A feature of the present invention resides in the fact that the restrictive element or sealing means comprises a downwardly directed funnel formed of a fluid impervious material. The lower edges of the funnel are disposed for deployment adjacent the interior surface of the well borehole, while the upper edges of the funnel are disposed in an abutting relationship with the housing. The funnel may be upwardly directed when the device is employed in a well where the fluid flow is downward, e.g., an injection well.
In accordance with further principles of the present invention, in a first embodiment, a flow restricting logging tool, for use within a well borehole having a flowing fluid therein, has a selective means for sealing the well borehole and directing the flowing fluid through the housing of the logging tool. The sealing means has the shape of a funnel and is formed of fluid impervious material to prevent leakage of the well fluid therethrough. The funnel is attached at its narrow end to the logging tool while the wide end is attached to an inflatable tubular ring. A positive displacement pump, servo controlled from the surface, is provided to pump either clean oil from a reservoir in the tool or well fluid into the inflatable tubular ring and thus expand the funnel to close off the annulus between the outside diameter of the tool and the well bore, or well casing. The pressure differential created across the funnel, at some flow rates, improves its sealing quality. The sealing means is enclosed within a metal basket which protects the sealing means during handling at the surface and descent into a well.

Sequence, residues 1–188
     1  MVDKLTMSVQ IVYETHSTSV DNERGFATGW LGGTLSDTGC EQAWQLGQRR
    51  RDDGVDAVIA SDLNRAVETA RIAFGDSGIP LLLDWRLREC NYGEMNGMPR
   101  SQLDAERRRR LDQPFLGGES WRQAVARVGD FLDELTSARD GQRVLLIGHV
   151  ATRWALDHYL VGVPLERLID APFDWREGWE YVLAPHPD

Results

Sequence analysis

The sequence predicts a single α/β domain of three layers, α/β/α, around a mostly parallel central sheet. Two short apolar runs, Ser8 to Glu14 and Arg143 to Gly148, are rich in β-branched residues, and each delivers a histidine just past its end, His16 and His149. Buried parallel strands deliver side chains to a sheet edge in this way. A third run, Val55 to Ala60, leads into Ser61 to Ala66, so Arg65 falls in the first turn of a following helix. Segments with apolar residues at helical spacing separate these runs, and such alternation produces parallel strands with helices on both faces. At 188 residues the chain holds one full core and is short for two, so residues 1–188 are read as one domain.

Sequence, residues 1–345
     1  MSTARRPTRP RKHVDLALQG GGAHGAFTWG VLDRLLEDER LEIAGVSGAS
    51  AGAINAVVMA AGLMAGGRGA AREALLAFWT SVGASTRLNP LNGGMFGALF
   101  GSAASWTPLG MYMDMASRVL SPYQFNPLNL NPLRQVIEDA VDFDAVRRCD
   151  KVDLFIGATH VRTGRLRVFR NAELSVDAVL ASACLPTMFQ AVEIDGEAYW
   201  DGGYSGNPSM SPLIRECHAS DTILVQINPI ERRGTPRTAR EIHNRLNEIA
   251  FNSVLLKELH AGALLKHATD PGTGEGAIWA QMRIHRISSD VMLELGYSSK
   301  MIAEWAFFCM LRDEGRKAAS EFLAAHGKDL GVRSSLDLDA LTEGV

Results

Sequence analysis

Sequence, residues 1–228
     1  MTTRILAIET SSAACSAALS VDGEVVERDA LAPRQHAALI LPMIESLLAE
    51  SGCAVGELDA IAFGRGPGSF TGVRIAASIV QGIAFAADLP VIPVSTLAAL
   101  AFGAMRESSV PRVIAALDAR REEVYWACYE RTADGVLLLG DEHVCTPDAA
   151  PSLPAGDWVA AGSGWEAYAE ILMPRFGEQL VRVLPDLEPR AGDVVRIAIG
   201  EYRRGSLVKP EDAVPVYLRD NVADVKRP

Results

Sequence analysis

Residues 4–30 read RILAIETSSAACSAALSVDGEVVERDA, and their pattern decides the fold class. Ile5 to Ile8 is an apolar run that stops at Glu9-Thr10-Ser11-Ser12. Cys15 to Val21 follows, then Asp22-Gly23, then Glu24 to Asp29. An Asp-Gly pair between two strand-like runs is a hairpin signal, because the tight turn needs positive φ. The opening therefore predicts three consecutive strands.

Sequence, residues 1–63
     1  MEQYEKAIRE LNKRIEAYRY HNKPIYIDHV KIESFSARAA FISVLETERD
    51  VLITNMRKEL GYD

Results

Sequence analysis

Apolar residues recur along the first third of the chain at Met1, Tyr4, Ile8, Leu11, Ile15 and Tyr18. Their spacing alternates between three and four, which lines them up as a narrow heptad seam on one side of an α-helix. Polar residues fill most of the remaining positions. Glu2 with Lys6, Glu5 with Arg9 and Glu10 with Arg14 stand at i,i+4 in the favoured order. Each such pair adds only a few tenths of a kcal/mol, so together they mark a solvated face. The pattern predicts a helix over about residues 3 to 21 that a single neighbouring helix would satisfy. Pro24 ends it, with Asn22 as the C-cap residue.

An additional feature of the present invention illustrated in a second embodiment of the present invention resides in that the selective bypass means may include a plurality of elongated plate members which are operatively connected for swiveling motion with respect to the housing and overlie a cylindrical portion of the flowmeter housing The plate members are dimensioned such that when in a first position they would abut one another and lay flush with the outside of the housing in a specially grooved cylindrical section of the housing. The plate members are connected to the housing by respective swivel or spring members which allow their movement away from the housing to a second position where respective ends of the plates are spaced apart. This movement allows the existence of passageways between the plate members through which fluid may flow. The narrow or upper end of the funnel is attached to the respective ends of the plate members, which are appropriately restrained against movement to the second position.
The present invention also includes a method for measuring a fluid characteristic of a fluid flowing at varying flow rates within a well bore. The method includes the steps of: moving a housing, having a means for measuring a fluid characteristic within the housing, through the well bore to a first location; sealing the well bore proximate the first location by pumping fluid into an annular ring and directing the flowing fluid into the housing by utilizing a fluid impervious funnel attached to the ring. In accordance with another embodiment of the present invention the method includes directing a portion of the flowing fluid away from the housing upon the flowing fluid exerting a predetermined pressure force upon the sealing means or upon command from the surface, whereby fluid characteristics of a fluid flowing at higher flow rates may be measured in one trip through the borehole.